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Leishmania major infection in the fat sand rat Psammomys obesus in Tunisia: interaction of host and parasite populations

Fichet-Calvet, E., Jomaa, I., Ben Ismail, R. and Ashford, R.W. (2003) 'Leishmania major infection in the fat sand rat Psammomys obesus in Tunisia: interaction of host and parasite populations'. Annals of Tropical Medicine and Parasitology, Vol 97, Issue 6, pp. 593-603.

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The causative agent of cutaneous leishmaniasis, Leishmania major, was studied in a Tunisian population of the fat sand rat, Psammomys obesus. Seasonal changes in the abundances of parasite and host were monitored in a longitudinal field survey lasting 21 months. Overall, 566 P. obesus, collected during 10 trapping sessions between May 199 5 and January 1997, were examined. Analysis of prevalence, using logistic regression, revealed that extrinsic factors, such as season and climatic conditions, and intrinsic factors, such as host age, have a combined effect. Leishmania major showed a seasonal pattern, with most transmission occurring in late summer and in autumn, when prevalences were 7.5- and 6.6-fold higher, respectively, than in spring. Prevalence peaked, at 70%, in September 1995 and then decreased to 0% in June 1996. The same temporal fluctuation was observed during the second study year, albeit among prevalences that were relatively low because of unusually dry conditions. Prevalence was highly dependent on the age of the P. obesus, and season and age acted in synergy so that the rodents were highly infected in late summer and in autumn. Prevalence was not correlated with the relative density of the P. obesus and also appeared independent of gender. Although the ear lesions observed on 378 sand rats during a 1-year survey were closely associated with Leishmania infection, such lesions were not good predictors of infection, as 35% of the rodents found to be infected had no visible lesions on their ears. The prevalences of Leishmania infection observed in this study, among P. obesus living in monospecific colonies, were generally lower than those observed in other studies of P. obesus. It seems possible that P. obesus living in monospecific colonies could have a lesser role in propagating the parasite than those living in plurispecific colonies of rodents, and act as an 'epidemiological sink'.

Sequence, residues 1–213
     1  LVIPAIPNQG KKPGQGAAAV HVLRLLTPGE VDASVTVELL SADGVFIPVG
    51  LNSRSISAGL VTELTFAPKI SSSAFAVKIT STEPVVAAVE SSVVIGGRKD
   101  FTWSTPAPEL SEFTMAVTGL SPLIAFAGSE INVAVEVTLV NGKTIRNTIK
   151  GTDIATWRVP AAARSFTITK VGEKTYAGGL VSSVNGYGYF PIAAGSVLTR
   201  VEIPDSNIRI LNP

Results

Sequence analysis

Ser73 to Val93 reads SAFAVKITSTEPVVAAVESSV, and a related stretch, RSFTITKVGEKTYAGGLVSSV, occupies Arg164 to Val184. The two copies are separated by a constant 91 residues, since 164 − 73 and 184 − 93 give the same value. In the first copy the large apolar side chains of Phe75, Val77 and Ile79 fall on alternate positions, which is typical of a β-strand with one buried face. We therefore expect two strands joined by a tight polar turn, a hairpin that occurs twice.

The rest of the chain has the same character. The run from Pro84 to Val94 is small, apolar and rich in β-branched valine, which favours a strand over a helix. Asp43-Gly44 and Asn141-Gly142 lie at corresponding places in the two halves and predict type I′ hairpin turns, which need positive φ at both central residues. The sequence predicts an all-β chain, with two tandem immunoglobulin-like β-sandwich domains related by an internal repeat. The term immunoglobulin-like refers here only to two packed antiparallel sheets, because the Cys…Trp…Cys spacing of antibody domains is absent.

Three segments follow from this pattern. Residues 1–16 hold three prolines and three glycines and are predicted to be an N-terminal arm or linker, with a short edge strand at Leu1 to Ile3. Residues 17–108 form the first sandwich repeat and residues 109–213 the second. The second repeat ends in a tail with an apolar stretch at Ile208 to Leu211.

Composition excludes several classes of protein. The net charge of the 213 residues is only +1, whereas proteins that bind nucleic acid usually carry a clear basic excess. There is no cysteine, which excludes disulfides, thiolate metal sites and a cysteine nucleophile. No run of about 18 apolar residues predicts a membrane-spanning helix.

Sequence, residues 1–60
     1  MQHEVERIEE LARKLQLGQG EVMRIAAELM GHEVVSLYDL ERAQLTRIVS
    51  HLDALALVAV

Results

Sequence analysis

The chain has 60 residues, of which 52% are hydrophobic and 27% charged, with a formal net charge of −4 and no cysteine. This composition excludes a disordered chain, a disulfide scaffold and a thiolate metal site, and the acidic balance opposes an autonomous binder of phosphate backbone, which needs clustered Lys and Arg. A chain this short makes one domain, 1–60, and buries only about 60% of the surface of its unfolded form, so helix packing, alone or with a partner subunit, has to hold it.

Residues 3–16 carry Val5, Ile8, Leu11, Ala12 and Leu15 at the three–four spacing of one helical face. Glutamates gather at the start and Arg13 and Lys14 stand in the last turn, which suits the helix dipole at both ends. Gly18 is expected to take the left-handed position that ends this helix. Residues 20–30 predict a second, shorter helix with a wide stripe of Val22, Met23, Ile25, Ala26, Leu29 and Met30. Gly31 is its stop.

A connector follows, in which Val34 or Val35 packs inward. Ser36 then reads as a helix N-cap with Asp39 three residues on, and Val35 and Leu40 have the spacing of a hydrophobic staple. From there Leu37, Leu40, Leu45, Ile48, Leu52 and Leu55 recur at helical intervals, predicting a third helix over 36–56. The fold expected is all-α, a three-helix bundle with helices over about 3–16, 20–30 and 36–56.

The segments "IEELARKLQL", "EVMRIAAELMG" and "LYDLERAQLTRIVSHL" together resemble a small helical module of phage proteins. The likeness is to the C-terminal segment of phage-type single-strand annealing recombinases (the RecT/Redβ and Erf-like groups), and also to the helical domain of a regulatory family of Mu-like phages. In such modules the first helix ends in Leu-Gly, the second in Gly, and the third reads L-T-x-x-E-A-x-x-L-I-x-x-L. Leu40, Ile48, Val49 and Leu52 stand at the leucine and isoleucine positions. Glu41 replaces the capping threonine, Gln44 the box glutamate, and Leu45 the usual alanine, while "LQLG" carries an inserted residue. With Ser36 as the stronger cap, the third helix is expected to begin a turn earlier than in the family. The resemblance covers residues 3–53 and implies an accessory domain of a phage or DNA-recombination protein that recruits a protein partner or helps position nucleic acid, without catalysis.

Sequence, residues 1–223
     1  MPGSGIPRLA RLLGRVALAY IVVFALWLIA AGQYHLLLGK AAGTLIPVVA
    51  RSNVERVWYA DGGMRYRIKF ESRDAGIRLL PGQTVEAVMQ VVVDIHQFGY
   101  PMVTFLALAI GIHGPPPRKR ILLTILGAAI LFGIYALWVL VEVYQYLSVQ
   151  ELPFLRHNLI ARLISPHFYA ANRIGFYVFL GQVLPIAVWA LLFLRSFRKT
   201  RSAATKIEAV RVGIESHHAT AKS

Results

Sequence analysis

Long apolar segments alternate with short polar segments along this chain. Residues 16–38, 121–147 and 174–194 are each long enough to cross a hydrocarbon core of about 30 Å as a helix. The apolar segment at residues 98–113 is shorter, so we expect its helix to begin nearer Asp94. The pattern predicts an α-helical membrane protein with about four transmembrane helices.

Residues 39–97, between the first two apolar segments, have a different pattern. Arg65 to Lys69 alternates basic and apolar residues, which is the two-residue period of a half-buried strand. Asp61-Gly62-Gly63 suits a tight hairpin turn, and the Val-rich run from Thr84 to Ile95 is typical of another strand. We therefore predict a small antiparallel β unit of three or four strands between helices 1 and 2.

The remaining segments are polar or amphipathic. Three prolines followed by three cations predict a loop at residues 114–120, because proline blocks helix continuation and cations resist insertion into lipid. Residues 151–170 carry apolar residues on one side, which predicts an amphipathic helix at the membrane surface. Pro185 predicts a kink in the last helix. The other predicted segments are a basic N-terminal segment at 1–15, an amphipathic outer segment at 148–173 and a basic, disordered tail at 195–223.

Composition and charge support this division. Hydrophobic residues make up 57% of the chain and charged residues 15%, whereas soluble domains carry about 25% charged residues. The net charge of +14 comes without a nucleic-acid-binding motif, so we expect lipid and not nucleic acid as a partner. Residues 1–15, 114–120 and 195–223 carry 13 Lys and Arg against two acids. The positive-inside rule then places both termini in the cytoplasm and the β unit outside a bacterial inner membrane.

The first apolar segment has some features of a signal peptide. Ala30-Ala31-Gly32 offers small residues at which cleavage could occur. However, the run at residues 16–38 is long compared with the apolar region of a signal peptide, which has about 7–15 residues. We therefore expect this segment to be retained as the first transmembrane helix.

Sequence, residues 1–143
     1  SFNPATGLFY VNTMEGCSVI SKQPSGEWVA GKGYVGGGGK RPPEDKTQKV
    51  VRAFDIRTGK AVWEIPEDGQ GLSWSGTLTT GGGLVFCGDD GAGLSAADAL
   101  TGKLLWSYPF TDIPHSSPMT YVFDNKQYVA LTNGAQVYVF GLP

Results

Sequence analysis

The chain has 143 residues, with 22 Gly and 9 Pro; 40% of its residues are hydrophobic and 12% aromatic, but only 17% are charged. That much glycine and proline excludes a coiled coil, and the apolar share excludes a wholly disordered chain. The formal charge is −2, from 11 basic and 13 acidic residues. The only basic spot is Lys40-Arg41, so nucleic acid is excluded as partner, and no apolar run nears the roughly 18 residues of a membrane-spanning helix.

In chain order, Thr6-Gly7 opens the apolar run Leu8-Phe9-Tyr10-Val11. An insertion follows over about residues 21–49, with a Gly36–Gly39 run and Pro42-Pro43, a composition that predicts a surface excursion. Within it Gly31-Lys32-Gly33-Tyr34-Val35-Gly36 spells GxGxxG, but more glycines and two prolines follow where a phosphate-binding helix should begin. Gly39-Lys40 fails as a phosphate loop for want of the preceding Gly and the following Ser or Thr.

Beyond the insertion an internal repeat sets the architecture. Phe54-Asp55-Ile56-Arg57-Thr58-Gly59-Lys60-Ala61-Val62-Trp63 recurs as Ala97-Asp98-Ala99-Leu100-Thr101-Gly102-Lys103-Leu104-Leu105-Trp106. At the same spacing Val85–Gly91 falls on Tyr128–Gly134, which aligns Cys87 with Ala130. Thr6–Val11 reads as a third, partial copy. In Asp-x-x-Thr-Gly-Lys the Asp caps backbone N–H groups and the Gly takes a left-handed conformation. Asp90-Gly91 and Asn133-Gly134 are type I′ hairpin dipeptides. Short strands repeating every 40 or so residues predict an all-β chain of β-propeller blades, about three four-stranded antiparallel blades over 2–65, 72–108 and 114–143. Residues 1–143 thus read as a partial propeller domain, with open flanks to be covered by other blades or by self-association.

Item Type: Article
Subjects: QX Parasitology > QX 45 Host-parasite relations
WR Dermatology > Parasitic Skin Diseases > WR 350 Tropical diseases of the skin. Mucocutaneous leishmaniasis. Leishmaniasis
Faculty: Department: Groups (2002 - 2012) > Molecular & Biochemical Parasitology Group
Digital Object Identifer (DOI):
Depositing User: Martin Chapman
Date Deposited: 17 Jan 2013 11:26
Last Modified: 06 Feb 2018 13:04


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